The symptoms are often described as a clinical triad of abnormalities: [1, 4]. • Cognitive effects: headache, agitation, hypomania, mental confusion, hallucinations, coma • Autonomic effects: shivering, sweating, hyperthermia, hypertension, tachycardia, nausea, diarrhea. • Somatic effects: myoclonus (muscle twitching), hyperreflexia (manifested by clonus), tremor.

A large number of medications either alone or in combination can produce serotonin syndrome , such as : Monoamine oxidase inhibitors (MAOIs), TCAs, SSRIs, SNRIs, tramadol, valproate, buspirone, lithium, linezolid, dextromethorphan, pethidine, fentanyl, sibutramine [1], nefazodone, trazodone[5], amphetamine, chlorpheniramine, methylphenidate, methamphetamine ,LSD,L-Dopa, risperidone [6-9], olanzapine [10], Many cases of serotonin toxicity occur in patients who have ingested drug combinations that synergistically increase synaptic serotonin [4]. It may also occur in patients following ingestion of a single serotonergic agent [11].The combination of MAOIs and other serotonin agonists or precursors pose a particularly severe risk of a life-threatening serotonin syndrome. Many MAOIs inhibit monoamine oxidase irreversibly, so that the enzyme cannot function until it has been replaced by the body, which can take at least four weeks [12]. Bupropion has also been suggested to cause serotonin syndrome although as there is no evidence that it has any significant serotonergic activity, it is thought unlikely to produce the syndrome [13]. In 2006 the United States Food and Drug Administration issued an alert suggesting that the combined use of SSRIs or SNRIs and triptan medications or sibutramine could potentially lead to severe cases of serotonin syndrome.

Serotonin syndrome has been reported in patients of all ages, including the elderly, children, and even newborn infants due to in utero exposure [14].

Serotonin toxicity has a characteristic picture which is generally hard to confuse with other medical conditions, but in some situations it may go unrecognized because it may be mistaken for a viral illness, anxiety, neurological disorder, anticholinergic poisoning, sympathomimetic toxicity, or worsening psychiatric condition [1,3].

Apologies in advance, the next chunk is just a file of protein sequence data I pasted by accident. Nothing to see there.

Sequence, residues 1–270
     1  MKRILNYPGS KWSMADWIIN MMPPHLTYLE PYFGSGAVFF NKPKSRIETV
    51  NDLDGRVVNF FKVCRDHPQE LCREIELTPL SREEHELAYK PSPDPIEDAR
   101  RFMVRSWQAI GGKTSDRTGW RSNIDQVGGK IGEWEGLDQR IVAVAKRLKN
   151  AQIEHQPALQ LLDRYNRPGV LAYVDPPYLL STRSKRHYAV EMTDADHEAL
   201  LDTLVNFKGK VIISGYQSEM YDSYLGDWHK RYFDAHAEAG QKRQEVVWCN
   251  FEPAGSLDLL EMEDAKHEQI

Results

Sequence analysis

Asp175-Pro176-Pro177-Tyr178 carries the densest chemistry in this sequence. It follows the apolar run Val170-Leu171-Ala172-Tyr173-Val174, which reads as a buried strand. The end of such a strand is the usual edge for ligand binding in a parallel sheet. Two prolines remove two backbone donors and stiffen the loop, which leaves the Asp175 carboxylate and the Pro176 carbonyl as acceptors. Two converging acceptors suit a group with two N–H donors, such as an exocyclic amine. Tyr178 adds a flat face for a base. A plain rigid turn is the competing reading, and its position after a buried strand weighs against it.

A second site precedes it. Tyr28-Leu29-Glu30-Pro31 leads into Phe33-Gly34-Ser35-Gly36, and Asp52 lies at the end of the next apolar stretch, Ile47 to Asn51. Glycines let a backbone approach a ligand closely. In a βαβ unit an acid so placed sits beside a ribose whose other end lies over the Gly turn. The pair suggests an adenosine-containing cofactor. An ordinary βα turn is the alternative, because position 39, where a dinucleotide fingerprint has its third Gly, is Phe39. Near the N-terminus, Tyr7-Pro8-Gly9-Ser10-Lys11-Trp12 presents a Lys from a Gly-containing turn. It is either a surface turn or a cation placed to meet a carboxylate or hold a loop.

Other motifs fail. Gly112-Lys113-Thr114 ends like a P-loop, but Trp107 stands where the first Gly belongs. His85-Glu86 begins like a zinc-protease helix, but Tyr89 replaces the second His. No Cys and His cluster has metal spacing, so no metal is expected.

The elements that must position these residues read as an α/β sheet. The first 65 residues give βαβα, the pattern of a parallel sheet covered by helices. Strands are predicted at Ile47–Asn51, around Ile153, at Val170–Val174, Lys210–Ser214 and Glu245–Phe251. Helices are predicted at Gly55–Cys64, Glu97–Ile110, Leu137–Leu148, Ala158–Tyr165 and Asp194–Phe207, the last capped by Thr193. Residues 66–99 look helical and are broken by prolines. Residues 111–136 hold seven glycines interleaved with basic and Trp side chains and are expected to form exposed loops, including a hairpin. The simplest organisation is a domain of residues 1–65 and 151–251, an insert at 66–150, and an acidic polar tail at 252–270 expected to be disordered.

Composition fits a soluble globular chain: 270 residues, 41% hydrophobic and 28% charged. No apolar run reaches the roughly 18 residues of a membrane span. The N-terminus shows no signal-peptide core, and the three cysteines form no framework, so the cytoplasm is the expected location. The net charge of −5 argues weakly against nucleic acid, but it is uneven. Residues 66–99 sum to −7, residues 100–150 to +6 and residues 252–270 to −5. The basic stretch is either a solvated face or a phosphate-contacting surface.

Case Report

Here we present a case of serotonin syndrome after a single ingestion of high dose methamphetamine, a 28-year-old previously physically healthy man was admitted to the emergency department (body weight, 65 kg). He ingested a high dose methamphetamine (body staffer of 2gr methamphetamine) 2 hours prior to admission. He did not have any drug or medical history. On arrival, the patient was hemodynamically unstable. Oral temperature was 39.5°C (101.5°F), pulse rate160 beats per minute with a normal sinus rhythm, blood pressure 165/95 mm Hg, and his respiratory rate was 28 breaths/min with no abnormal breath sounds. The abdomen was soft and flat with hyperactive bowel sounds.

The initial oxygen saturation was 95% (in room air). He was alert, awake, but agitated .He complained of palpation and sweating.

In clinical examination he was warm and sweated, mildly confused, and have dilated pupils, tachycardia, overactive reflexes that greater in the lower limbs than in the upper limbs and clonus.

A 12-lead electrocardiogram (ECG) revealed sinus tachycardia at a rate of 160 bpm.